Intel's Bay Trail platform and low-power Haswell offerings may be the go-to choice when it comes to mainstream Windows tablets and laptops, but AMD believes that their next generation chips will be the best. A refinement of their work on APUs in the past few years, the new chips, ‘Beema’ and ‘Mullins’, are set to be strong contenders in this segment. Both products make use of AMD’s new Puma+ CPU cores and a GCN GPU with 128 compute cores at varying frequencies.
Low-end desktop SoCs typically come soldered to motherboards, including AMD's 2011 Brazos platform as well as Intel's Bay Trail-D. AMD hopes to change that with its AM1 platform, which currently offers four APUs as well as a range of affordable motherboards. While checking out the new AM1 APUs, we have rounded up competing chips to give you a clearer picture of what is available in the budget CPU market.
Today marks the arrival of AMD's successor to the Radeon HD 7990. The latter was a formidable rival for the GeForce GTX Titan but it faced poor frame latency performance and enormous power consumption figures. Later on the single-GPU R9 290X managed an even more impressive feat but that card was also 20% more power hungry and thus had a huge thermal output. So much so that we weren't sure if AMD was seriously considering two Hawaii XT GPUs on a single PCB.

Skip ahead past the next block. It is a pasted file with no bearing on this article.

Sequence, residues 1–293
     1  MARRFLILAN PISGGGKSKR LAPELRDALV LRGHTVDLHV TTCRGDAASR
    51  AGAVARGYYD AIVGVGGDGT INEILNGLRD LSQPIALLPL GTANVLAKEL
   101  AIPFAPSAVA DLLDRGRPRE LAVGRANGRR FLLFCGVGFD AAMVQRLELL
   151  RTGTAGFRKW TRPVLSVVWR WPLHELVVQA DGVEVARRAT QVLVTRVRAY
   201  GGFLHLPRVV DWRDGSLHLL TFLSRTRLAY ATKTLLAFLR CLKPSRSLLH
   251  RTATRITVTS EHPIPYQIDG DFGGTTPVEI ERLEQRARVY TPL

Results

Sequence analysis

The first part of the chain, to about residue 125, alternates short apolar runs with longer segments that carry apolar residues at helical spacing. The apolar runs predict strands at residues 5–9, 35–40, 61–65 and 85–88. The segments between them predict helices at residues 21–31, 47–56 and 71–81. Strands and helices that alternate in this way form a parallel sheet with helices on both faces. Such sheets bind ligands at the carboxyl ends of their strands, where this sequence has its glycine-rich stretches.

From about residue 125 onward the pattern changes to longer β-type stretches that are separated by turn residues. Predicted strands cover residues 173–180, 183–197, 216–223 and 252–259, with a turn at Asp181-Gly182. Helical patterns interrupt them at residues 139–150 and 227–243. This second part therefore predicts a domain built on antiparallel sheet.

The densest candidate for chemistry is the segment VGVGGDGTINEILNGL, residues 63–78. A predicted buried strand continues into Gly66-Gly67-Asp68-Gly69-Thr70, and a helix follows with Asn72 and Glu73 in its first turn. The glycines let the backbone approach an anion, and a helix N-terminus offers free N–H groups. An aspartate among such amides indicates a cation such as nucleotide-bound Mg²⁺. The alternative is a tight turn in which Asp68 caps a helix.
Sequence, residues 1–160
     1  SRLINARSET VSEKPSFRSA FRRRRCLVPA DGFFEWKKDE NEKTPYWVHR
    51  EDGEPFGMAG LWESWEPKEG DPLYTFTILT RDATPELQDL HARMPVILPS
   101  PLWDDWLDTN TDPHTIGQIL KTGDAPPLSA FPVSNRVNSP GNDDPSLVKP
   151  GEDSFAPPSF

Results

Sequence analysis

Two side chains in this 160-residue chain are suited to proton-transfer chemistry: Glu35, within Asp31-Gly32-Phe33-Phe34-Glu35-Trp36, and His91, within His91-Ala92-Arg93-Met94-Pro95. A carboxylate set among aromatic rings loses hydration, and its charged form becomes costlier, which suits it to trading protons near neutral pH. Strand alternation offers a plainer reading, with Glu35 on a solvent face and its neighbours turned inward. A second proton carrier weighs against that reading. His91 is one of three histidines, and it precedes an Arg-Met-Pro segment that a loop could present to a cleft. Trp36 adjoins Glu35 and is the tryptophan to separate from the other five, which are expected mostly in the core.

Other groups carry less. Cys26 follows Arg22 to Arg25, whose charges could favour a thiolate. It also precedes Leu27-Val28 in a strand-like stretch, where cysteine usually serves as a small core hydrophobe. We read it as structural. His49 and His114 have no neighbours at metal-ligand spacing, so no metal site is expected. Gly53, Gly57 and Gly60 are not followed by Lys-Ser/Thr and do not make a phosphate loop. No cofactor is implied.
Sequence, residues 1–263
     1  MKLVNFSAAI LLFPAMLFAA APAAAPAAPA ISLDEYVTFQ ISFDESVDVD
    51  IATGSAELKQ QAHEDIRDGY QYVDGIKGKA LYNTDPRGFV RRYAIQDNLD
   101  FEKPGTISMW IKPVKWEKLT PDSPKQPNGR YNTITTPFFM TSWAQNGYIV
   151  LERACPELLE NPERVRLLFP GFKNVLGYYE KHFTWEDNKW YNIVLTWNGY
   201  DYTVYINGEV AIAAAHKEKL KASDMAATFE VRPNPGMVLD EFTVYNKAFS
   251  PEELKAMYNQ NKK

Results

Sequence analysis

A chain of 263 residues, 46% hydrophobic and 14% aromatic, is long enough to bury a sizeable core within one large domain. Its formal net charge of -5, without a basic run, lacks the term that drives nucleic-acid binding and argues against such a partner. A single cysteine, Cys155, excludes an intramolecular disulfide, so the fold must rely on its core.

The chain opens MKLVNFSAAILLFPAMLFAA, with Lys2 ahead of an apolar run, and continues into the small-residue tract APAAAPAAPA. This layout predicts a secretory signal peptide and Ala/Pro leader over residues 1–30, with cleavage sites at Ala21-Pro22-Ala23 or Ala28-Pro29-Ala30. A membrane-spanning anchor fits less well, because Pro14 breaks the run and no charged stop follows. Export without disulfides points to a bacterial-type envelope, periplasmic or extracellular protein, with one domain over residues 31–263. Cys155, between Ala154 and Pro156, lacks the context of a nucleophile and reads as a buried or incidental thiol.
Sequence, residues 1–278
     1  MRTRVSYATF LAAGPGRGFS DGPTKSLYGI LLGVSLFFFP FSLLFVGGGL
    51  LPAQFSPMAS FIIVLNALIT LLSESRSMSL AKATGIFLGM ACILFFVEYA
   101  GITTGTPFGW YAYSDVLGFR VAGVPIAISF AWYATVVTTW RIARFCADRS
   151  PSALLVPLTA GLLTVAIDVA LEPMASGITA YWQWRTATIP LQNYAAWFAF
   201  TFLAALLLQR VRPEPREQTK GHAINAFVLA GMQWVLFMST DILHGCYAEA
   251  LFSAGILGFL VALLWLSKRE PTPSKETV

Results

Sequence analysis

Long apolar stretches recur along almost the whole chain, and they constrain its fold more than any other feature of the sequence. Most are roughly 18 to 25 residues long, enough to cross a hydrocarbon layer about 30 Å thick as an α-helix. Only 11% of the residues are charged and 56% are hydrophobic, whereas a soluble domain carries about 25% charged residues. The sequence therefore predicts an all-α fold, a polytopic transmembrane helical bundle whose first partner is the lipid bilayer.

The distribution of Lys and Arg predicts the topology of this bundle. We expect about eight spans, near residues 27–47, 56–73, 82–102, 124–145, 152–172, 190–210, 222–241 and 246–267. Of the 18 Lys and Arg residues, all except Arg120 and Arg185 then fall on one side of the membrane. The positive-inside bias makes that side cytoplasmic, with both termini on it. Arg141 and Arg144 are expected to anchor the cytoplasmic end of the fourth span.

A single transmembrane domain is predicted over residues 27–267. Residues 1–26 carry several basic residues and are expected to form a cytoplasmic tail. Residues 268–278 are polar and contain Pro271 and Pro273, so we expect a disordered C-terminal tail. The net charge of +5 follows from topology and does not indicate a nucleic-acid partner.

Apparently so, as they are unveiling the Radeon R9 295X2, the most extreme graphics cards we have ever seen.
The biggest news for Mantle since being announced as a method of improving performance in games by allowing them to use your CPU and GPU more efficiently, has been support from DICE's Frostbite 3 engine (and by extension, Battlefield 4). Recently that support expanded to Eidos' Thief, while Crytek revealed at GDC 2014 that CryEngine will support it too. AMD says its latest update is of "tremendous benefit to a large cross-section of the gaming public" so we are keen to check it out.
Despite being built with the aging Unreal Engine 3, Thief touts some cutting edge rendering techniques that have put the game on our radar. Thief's built-in benchmark appears to do a good job of demonstrating a worst-case performance scenario, so if your system can average 60fps in the benchmark you should enjoy perfectly smooth gameplay from start to finish.
Marking the introduction of its Maxwell architecture, Nvidia has targeted AMD's $150 Radeon R7 265 with the new GeForce GTX 750 Ti. With fewer cores being used to get more performance, Maxwell consumes less power and improves Kepler's performance per watt. Does that mean AMD's newly relaunched Radeon R7 265 could be in trouble considering it's essentially a slightly overclocked and steeply discounted HD 7850?